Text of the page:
Interim order on wildlife deaths at IIT on Nov 7
The Southern bench of the National Green Tribunal (NGT) is likely to pass an interim order in the case pertaining to the increasing number of wildlife deaths inside IIT Madras and also decide whether annual festivals like Shaastra and Sarang need to be shifted out as they were adding to the anthropogenic pressure on wildlife.
CHENNAI: The Southern bench of the National Green Tribunal (NGT) is likely to pass an interim order in the case pertaining to the increasing number of wildlife deaths inside IIT Madras and also decide whether annual festivals like Shaastra and Sarang need to be shifted out as they were adding to the anthropogenic pressure on wildlife.
The bench, comprising Justice M S Nambiar and expert member P S Rao, had initially adjourned the case to December. However when petitioner Antony Clement Rubin’s counsel argued that the situation was grave and technical festival Shaastra was scheduled to be held between January 4 and 7, 2018, the green bench set an early date of November 7 and hinted that an interim order would be passed.
The move was also driven by additional facts submitted by Hem Chandra Tyagi, Principal Chief Conservator of Forest and Chief Wildlife Warden of State Forest department, who stated that 50 deer had been killed due to consumption of polythene bags from 2010 till date and also expressed concern over noise pollution levels during annual festivals.
“The free ranging deer living on the campus are not separated within exclusive blocks segregating them from the administrative and residential areas and hence are found all over the campus. The garbage including plastic is being dumped in open bins and nearby residential areas which are scavenged by deer, dogs and macaques,” the Forest department said in its reply.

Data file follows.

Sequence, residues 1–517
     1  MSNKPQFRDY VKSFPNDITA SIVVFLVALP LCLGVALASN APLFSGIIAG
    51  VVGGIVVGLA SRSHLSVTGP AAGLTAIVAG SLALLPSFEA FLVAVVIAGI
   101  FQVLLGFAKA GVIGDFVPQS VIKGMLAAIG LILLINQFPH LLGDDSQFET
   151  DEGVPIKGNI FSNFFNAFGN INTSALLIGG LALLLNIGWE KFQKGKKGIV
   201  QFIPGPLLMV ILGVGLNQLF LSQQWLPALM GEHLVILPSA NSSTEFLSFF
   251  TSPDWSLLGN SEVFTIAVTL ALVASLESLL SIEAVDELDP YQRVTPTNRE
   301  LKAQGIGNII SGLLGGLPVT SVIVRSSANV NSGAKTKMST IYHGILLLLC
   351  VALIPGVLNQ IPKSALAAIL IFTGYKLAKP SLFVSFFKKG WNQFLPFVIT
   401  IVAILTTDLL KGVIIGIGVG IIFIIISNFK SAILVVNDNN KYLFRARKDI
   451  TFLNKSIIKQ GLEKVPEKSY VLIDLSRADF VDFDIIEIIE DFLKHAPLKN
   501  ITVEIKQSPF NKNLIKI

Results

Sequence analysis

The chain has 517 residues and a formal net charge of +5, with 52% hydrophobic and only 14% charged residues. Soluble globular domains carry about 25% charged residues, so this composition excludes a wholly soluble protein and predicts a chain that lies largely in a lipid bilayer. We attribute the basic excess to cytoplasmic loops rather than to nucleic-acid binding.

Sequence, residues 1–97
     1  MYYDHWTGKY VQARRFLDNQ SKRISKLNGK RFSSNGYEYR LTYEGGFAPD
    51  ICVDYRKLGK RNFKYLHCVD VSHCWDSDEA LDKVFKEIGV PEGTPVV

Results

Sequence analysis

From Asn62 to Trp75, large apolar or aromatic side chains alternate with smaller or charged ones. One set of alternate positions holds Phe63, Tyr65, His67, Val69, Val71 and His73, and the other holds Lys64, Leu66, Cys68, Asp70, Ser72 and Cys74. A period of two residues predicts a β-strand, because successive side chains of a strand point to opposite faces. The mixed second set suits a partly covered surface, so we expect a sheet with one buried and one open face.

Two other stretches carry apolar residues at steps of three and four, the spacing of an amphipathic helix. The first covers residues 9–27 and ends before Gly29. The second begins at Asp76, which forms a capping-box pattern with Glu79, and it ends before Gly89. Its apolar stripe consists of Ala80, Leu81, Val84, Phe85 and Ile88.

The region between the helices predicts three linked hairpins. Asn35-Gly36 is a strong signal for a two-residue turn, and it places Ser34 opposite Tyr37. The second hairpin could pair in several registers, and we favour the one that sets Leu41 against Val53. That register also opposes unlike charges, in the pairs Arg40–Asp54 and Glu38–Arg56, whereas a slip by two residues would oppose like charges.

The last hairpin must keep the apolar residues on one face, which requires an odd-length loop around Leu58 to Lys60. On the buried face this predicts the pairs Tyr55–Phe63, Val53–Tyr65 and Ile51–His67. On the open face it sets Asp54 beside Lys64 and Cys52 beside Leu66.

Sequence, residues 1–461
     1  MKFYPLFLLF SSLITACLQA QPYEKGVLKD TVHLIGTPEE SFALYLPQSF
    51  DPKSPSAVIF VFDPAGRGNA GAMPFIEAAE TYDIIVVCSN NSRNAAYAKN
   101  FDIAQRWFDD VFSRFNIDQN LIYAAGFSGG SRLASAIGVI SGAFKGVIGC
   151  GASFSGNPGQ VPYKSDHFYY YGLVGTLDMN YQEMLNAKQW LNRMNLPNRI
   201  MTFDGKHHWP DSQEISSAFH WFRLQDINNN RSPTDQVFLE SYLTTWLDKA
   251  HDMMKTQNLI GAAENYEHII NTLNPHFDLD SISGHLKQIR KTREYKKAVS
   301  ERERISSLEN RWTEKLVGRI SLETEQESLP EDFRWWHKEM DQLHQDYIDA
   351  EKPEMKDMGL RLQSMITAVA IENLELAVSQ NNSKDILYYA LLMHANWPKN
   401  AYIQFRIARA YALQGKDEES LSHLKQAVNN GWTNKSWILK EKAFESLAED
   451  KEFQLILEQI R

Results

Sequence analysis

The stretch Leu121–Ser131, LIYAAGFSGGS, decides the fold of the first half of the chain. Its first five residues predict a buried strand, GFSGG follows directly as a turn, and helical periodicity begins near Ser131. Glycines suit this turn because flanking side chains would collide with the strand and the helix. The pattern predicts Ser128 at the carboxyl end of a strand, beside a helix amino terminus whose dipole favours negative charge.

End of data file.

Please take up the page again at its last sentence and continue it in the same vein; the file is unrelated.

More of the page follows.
The department has also noted that vehicular traffic inside campus was a constant threat to the wildlife. Tyagi said rapid loss of natural habitat was threatening the existence of the endangered blackbuck. “The IIT Madras should carry out manual or mechanical removal of prosopis to enhance the habitat quality and a management action plan needs to be prepared by the institute.
The blackbucks thrive on grasslands and are susceptible to anthropogenic pressures and require good quality habitat for its conservation. The new constructions and obstruction in the free ranging behaviour of the animal due to fencing, parking lots and residential houses has had a deleterious effect on the black bucks on the campus,” the Forest official said.
In response, IIT Madras officials said blaming Shaastra and Sarang festivities for wildlife loss was fictitious. “The problem lies elsewhere. Stray dogs are the biggest challenge,” a senior faculty member said.
291 deer, black bucks killed by dogs in last 7 years?
In its reply, the Forest department claimed that around 291 deer and black bucks had been killed by stray dogs from 2010 till date.
However, this is being contested by animal activists. “I have filed an RTI plea seeking details of postmortem done on animals three months ago, but haven’t received any response. Dogs are scavengers and feed on dead animals. If dogs feed on a dead deer, it can’t be accounted as a kill,” Rubin said.
AWBI secretary M Ravikumar has also written to the Chief Wildlife Warden, requesting him to investigate the deer deaths.